Causality is the relationship between an outcome and how it happens.
It is an enormous, complex idea that touches many different fields of study, from philosophy to history to computer science. That makes it ideal for interdisciplinary collaboration—and that’s what the Causality in the Sciences conference series is all about.
“I don’t know any other conference that’s this interdisciplinary,” says award-winning assistant professor Samantha Kleinberg. “Scientists, humanities professors and academics from so many different disciplines come together to talk about the same problem from different angles. It’s exciting.”
The 12th conference, focused on Time and Causality in the Sciences (TaCitS), came to Stevens Institute of Technology on June 7. It was the first conference in the series to be held in the United States.
It was also the first conference hosted by a non-philosopher.
Kleinberg teaches in the Department of Computer Science. Her research develops new methods for gleaning causes from observational data to monitor food intake to ultimately help diabetics—and it’s a great example of the kind of interdisciplinarity that makes this conference special. Each talk sparked conversations between participants from different specialties, potentially inspiring multiple future collaborations. Even the undergraduate and graduate students who attended the conference got into the collaborative spirit.
Members of Kleinberg's Health and AI Lab. CREDIT: Julian Reiss.
That interdisciplinarity was reflected in the talks, too. The opening keynote speech, given by Betsy Ogburn of Johns Hopkins University, discussed how outcomes can spread from follower to follower on social networks. Ogburn is an expert in causal inference and epidemiologic methods and her talk, focused on “current statistical methods and how people study models instead of real world problems,” as Kleinberg explains, was a highlight.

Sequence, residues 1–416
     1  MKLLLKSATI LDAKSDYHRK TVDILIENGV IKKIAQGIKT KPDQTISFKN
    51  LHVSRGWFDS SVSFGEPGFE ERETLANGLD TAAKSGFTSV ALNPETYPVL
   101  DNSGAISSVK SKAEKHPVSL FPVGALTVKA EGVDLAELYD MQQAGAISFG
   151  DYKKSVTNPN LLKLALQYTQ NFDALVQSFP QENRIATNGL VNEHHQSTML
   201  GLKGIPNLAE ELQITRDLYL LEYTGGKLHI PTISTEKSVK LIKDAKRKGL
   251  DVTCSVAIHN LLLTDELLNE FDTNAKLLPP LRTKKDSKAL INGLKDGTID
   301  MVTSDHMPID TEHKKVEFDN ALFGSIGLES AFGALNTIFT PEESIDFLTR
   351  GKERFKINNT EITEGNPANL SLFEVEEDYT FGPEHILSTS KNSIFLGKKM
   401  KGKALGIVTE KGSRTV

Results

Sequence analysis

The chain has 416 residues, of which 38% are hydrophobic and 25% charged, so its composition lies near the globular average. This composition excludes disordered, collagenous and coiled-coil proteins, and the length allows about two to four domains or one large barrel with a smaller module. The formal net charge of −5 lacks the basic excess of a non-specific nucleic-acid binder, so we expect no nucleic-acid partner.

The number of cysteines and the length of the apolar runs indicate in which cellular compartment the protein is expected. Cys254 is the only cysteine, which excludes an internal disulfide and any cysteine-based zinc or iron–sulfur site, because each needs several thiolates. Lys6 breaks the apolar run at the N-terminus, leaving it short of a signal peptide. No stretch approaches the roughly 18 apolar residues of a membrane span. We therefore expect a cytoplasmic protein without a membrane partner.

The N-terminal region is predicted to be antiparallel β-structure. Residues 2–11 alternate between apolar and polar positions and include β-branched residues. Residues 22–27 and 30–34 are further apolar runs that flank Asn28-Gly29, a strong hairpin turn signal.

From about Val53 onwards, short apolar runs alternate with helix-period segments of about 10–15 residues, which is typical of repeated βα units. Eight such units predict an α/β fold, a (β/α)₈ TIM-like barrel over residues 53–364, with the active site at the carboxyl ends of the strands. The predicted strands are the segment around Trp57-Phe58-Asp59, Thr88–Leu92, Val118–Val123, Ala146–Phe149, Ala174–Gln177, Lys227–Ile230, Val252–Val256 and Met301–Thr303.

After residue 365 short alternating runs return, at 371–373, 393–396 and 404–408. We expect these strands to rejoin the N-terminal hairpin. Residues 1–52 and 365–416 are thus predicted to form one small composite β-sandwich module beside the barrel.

Another interesting keynote speech was given by Marc Buehner of Stevens’ College of Arts and Letters. Buehner spoke about how causality affects our perception of time between events, and how when people believe there is a causal link between two events it changes how they remember the time gap between them.
One of the most popular talks was given by David Jensen of University of Massachusetts, Amherst. Jensen spoke about overcoming the gap between “the types of causal models expressible within these frameworks and what practicing scientists view as adequate causal explanation,” according to the program abstract. He covered a lot of ground describing recent developments and suggesting research directions “that could provide greater alignment between formal accounts of causal reasoning and traditional scientific theories,” per the program. The participants were so fascinated by those research directions that they mobbed Jensen after he finished speaking, continuing the conversation out into the hallway over the coffee break.
It was the kind of reception every researcher hopes to have.
"The conference was extraordinary,” Jensen says, “an intellectual feast. It was the sort of gathering you dream about when you join a scholarly community, but that is all too rare. It drew researchers from widely diverse communities, but all with highly overlapping interests, goals, and expertise.”
That sense of community, forged by interdisciplinarity, drew more than a few Stevens faculty members to the conference. “It’s a great conference that redounds considerably to Stevens’ and Samantha’s credit,” said Jim McClellan, history professor and founding dean of Stevens College of Arts and Letters.
“TaCitS is a very rich interdisciplinary conference that offers a fresh perspective of causality in the sciences,” said Germán Creamer, associate professor of financial market microstructure in Stevens School of Business. “The presentations were very insightful, as they discussed the topic of causality with an interdisciplinary perspective and without getting lost in the technical details. TaCitS is a unique conference where scientists and researchers share new approaches about how to explain and understand the result of their research in the sciences and humanities.”
Kleinberg won’t organize next year’s conference. But she is looking to see it go to different geographical regions and, of course, incorporate even more scientific disciplines.
“I can't wait to see how interdisciplinary next year’s conference is,” she says.